As I mentioned before, I've always been partial to my left nostril.  Its superiority seemed even more pronounced after surgery.  So much so that I brought it up to my surgeon at my first post-op visit. 

When he realized that I wasn't joking, he told me there was still too much swelling to evaluate nostril balance and I'd need to wait a few more weeks before passing judgment.


Patience is not a virtue that I possess, so I decided to compare post-op photos with pre-op pics.  I discovered that my nostrils have always been misaligned. 

DUH.  If they were perfectly symmetrical, I wouldn't have a favorite, right?

My nostrils are like fraternal twins.  My left nostril is the pretty one, content to get by on looks alone.  My right nostril is the homely, dependable one.  I've always been able to breathe better out of my right nostril.  Most of my nasal FUBAR (and therefore, surgery) was on the left.

And now you know more than you wanted to know about my whiffer.

But since I've already tabled my dignity, I might as well add that yesterday I blew out some giant globs of coagulated black blood.  (From my overachieving right nostril, of course.)

It was really cool.

I chased Nature Boy and Shrinky Dink's kids around the house with my glob-coated Kleenex.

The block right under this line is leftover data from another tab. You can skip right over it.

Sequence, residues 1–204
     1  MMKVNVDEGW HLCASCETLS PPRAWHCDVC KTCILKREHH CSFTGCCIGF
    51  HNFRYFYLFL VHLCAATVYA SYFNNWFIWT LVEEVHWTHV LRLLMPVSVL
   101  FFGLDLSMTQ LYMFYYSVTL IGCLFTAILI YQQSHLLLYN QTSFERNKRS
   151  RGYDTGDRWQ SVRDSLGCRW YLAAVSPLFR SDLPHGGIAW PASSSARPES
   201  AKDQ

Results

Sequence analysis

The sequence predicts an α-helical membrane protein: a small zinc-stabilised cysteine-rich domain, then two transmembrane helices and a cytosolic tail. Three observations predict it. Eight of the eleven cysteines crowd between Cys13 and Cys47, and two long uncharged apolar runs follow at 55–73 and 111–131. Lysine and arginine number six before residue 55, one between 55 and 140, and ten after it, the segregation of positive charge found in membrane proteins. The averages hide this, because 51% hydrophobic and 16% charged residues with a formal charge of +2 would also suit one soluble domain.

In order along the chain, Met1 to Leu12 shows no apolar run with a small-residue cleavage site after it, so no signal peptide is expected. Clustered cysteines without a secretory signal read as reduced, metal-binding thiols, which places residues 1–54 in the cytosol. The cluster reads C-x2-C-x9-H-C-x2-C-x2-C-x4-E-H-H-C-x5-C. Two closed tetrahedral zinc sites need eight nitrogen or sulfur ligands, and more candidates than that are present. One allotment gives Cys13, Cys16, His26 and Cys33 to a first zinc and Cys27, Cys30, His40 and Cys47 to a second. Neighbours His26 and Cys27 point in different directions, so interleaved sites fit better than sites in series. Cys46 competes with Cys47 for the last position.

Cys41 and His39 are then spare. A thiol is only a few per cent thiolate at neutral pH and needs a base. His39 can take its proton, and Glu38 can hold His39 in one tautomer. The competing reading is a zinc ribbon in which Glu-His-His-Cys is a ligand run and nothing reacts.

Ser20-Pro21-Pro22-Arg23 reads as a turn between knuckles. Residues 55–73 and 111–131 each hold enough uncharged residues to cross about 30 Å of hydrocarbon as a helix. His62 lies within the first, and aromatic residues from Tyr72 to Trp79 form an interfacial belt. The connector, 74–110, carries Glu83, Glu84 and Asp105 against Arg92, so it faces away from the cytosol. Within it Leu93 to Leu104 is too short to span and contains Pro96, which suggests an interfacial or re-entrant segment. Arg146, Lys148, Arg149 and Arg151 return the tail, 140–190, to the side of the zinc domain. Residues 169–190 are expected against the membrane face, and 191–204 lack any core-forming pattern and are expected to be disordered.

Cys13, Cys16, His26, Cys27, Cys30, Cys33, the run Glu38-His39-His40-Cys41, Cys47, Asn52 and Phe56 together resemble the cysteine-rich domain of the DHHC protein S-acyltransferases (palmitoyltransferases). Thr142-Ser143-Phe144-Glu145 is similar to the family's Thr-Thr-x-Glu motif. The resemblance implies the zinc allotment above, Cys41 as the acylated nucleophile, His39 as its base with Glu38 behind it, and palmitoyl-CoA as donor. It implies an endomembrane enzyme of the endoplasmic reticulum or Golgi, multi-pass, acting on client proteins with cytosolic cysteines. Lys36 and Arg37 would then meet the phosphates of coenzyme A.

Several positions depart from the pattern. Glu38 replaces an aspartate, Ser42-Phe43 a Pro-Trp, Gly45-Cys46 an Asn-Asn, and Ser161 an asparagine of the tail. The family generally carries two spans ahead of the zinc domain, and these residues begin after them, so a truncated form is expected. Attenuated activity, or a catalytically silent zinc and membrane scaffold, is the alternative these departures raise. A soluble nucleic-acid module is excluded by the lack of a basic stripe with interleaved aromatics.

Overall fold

Then I dropped the bloody, globby Kleenex on the floor.

(Yeah, I didn't really think that through.)

FUN FACT:  After sinus surgery, the doctor uses a scope and a suction device to go all up in your sinuses and clean out "crusts".  It's not as fun as it sounds. 

P.S.  Shrinky Dink and Co. made me some fake mustaches to help disguise my bandage.  Behold.

July 06, 2012

Of boxers and bathtubs

Our boxer, Tank, has a weird bathtub fetish.

He loves his baths, yes.  But it's more than that. 

He is a dedicated bathtub licker, eagerly lapping up our shower leftovers.  He also partakes of my bathwater--while the tub is still occupied.  He has even been known to crash a few showers.

Tank climbs in and out of the bathtub several times a day with a purpose and at a schedule known only to him.  It's as if he needs to reassure himself that our tub is still there. 

He is the Shower Sentinel. 

The Tub Tender.

The Boxer of Bath.

It is his holy mission to be ever vigilant in protecting and defending the bathtubs of mankind.

Or at least, those in his own household.